Tuesday, June 26, 2012

Matthew Chapter 12

In this chapter we have Jesus entering into dialogue with the ruling Jewish authorities in Galilee. We often hear of three groups of Jewish authorities that were in opposition to Jesus. We have the Pharisees were a religious sect who practiced strict adherence to the Mosaic Law that is the cornerstone of the Old Covenant given to Yahweh through Moses.  Then we have the Sadducees; they were the elite and aristocratic religious sect that, while differing from the Pharisees had one thing in common with them: a unease about this Jesus from Nazareth who was teaching something totally different from the Pharisees and Sadducees.  Finally, we have Scribes. They were experts in the Law of Moses and were quite strict in their interpretation and application of it. Whenever Jesus did something that violated the Law, like what we have in vv. 1-14, it would have been the Scribes and Pharisees who would have been the first to call Jesus out of the proverbial carpet.

As part of his run in with the Pharisees Jesus then reveals a little bit more of who he is by contrasting himself with Beelzebul. In this particular allegory that Jesus uses in vv. 22-32 it’s important to recognize that the strong man is Beelzebul (aka, the Evil One, Satan, etc.). The one who breaks in to the strong man’s house and steals his goods has to be strong than him.  So, in this parable, Jesus is stronger than the strong man!

Furthermore, we have this rather cryptic saying about the ‘sign of Jonah’ and ‘the greatness of Solomon’ (vv. 38-42).  Remember the story of Jonah and the whale and the town of Nineveh. The Jews were heard Jesus say this would have remember the story of Jonah in the Old Testament. Go back to the Book of Jonah and get a refresher- it’s a short chapter and the message is clear.

Point for Prayer
In vv. 46-50 Jesus teaches about true kinship with him. Read those verses again and ask the Lord to increase in your heart a kindred spirit to him and the message he preaches.

Monday, June 25, 2012

Matthew Chapter 11

The first verse of this chapter sums up beautifully the action from this moment onward to the imminent Passion and Death of Jesus: this is the point of Jesus’s whole mission- “to teach and preach” (v. 1).

We also have a slight interlude with a episode of encounter between Jesus and disciples of John the Baptist (or Baptizer). While the Baptizer’s role is more clearly explained in the Gospel according to Luke, we are given a fairly clear understanding of the interplay between John and Jesus. Remember that John’s main, and really only, mission, was “to prepare the way for the Lord” (v. 10). Both John and Jesus point to the Old Testament prophecies of the Messiah’s coming as the foundational element of their teaching. And while the prophecy is fulfilled in Jesus’s coming, the use of prophecy is the vehicle by which both reveal to the Israelites that the Messiah is coming, and the Jesus is the Messiah.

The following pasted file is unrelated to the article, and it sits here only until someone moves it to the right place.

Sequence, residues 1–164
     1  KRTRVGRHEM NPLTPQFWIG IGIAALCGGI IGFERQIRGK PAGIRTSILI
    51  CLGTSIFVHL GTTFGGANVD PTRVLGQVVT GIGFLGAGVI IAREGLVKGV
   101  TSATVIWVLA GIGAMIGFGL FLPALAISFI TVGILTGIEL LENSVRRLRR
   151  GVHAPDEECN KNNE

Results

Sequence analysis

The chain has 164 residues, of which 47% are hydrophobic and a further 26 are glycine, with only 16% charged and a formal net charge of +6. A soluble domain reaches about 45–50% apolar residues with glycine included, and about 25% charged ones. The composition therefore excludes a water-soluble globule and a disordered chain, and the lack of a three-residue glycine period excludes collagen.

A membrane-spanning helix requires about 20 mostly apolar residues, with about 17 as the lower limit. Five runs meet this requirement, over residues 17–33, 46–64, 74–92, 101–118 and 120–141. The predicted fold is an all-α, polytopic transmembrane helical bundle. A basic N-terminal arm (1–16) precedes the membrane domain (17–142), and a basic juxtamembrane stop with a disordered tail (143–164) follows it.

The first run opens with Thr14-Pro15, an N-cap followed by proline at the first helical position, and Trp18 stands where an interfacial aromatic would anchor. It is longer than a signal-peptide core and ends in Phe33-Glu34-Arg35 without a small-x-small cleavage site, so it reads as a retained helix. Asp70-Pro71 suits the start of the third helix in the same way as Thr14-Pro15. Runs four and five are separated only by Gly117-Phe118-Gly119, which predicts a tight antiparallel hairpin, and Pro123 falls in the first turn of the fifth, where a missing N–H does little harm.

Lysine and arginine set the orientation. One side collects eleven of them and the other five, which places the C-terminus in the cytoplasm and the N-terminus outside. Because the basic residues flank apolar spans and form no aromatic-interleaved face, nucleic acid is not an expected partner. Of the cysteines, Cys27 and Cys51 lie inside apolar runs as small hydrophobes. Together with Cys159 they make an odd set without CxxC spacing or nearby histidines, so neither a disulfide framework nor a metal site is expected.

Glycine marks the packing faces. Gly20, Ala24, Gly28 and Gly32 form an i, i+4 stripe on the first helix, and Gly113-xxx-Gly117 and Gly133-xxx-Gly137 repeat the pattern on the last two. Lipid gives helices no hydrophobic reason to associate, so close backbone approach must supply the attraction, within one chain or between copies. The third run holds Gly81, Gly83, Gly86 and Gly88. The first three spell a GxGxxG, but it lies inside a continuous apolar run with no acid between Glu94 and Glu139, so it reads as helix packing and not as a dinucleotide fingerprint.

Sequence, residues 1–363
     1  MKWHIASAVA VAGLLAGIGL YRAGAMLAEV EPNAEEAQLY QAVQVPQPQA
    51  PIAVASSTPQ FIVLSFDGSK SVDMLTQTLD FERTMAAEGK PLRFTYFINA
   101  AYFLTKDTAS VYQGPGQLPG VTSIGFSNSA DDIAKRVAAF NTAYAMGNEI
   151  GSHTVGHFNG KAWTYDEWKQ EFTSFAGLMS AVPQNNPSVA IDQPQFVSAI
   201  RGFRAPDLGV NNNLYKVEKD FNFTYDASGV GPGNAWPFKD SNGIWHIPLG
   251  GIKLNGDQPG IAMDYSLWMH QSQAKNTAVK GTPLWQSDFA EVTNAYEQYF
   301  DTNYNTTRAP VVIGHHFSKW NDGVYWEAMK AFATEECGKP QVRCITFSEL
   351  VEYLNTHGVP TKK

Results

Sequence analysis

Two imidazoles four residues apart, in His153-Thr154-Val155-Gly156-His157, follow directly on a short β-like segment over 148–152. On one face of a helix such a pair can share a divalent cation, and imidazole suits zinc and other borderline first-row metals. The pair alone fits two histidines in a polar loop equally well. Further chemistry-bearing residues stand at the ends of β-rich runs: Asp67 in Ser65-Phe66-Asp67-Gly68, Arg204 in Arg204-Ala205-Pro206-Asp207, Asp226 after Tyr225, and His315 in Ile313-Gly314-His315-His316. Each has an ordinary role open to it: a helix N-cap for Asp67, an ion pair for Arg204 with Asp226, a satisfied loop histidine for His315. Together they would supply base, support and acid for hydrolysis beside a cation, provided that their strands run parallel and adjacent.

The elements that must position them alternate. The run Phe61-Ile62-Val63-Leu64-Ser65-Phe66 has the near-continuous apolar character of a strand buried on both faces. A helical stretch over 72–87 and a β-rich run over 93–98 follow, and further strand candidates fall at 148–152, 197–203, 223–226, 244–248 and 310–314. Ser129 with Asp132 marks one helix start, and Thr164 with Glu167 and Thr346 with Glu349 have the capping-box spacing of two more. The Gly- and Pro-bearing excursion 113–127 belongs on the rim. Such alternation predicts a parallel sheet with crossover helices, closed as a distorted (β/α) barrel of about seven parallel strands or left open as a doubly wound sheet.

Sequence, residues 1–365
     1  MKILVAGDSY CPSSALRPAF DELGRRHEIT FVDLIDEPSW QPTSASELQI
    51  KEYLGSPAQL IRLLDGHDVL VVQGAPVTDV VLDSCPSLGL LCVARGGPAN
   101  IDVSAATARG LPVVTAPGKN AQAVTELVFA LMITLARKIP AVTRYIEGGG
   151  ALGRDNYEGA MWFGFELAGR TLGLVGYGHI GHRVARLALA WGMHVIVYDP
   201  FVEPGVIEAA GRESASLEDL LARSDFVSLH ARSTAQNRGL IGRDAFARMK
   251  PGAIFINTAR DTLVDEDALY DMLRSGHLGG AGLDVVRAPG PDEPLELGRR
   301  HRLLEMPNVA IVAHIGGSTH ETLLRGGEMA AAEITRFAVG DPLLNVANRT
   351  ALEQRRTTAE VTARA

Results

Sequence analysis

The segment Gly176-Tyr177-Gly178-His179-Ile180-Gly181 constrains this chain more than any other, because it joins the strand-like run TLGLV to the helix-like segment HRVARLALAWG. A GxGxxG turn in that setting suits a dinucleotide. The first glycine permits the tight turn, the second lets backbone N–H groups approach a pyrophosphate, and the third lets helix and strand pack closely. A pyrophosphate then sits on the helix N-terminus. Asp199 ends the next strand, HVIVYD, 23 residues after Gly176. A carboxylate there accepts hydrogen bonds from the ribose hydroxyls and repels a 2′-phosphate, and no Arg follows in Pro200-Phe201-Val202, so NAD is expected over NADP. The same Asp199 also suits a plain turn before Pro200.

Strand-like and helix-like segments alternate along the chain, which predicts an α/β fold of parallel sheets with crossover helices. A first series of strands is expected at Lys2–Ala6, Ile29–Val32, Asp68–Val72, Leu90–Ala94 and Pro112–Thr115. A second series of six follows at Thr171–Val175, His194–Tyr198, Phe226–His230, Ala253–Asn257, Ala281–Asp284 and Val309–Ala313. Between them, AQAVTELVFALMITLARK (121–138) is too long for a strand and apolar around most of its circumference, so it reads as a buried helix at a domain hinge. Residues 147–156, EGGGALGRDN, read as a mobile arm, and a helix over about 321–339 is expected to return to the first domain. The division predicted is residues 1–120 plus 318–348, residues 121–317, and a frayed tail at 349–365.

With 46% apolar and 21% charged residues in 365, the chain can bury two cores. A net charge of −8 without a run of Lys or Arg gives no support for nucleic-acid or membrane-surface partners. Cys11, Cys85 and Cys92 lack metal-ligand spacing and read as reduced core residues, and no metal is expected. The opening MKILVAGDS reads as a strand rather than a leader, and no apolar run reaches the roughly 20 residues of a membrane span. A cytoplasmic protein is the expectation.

There is also a brief section on the Jesus’s dismay about those people who can’t seem to accept his message. The use of the word ‘woe’ is pregnant with meaning.  In ancient culture, and in the Greek language, ‘woe’ is the word you would use to describe the grief and loss that one experiences with death. It’s telling isn’t it: Jesus expressing woe to the communities who won’t accept his message of Redemption and Repentance.

Finally, the chapter ends with a beautiful prayer of Jesus, thanking his Father and extending an open invitation to those who would hear his message.  Jesus’s invitation (vv. 28-30) resounds time and place and is extended to each one of us: “Come to me… and I will give you rest”.

Point for Prayer

“Jesus, you call me simultaneously to be a maturing adult and a childlike person. Sometimes I feel I want to be the ‘master of the universe’ and be in total charge of my life and others. I know I must learn to face the mystery of life and your mystery. For that I need to let go, let be, and let grow. Show me how to do this.” Amen.
-From The Kingdom and the Glory, by Rev. Alfred McBride (OSV, 1992).

Friday, June 22, 2012

Matthew Chapter 10

We could call chapter 10, “The Chapter on Discipleship”. In this chapter we have Jesus calling 12 of his disciples to be Apostles (vv. 1-4) (remember our note about the difference between the two from chapter 4). He then commissions them (vv. 5-15), and then goes into a long discourse about the conditions under which they will labor, and the costs and rewards thereof (vv. 16-42). Notice the rather harsh and straightforward language that Jesus uses.  He’s not sugar-coating it or dancing around the tough parts- he’s putting it all out there to be either accepted or rejected by this new group of 12 intimate followers and, one could even say, coworkers, or Jesus. 

The over all theme of this chapter then is about the costs of discipleship.  And there are costs associated with following the Lord. In one way or another each one us have to come to terms and experience a peace of acceptance if we choose to follow the Lord and embrace those costs. And, according to Jesus, the cost are varied and many. There seems to be an emphasis on the fact that the preaching of the Gospel is naturally contrarian. It’s counter-cultural for sure; but it’s also counter-personal. Meaning that the preaching of the Gospel, and the hearing of the Gospel could be contrarian to formally held beliefs or behaviors that will have to either be reconciled with, or rejected because of, the preaching and hearing of the Gospel. In other words, there is a cost to being a disciple.

But it’s not all bad. Check out vv. 40-42 for the great rewards that come with preaching and hearing and responding to the Gospel. Never has Jesus been gloom-and-doom. While the Gospel message is inherently life-changing, the ultimate point is that change is always change for the better.

Point for Prayer
Reflect back a little: where did your discipleship to the Lord cost you something? How hard was it to pay that cost? As we move forward with our reading and praying with the Gospels, is there anything in what we’ve encountered so far that may make the next time you have to pay any easier?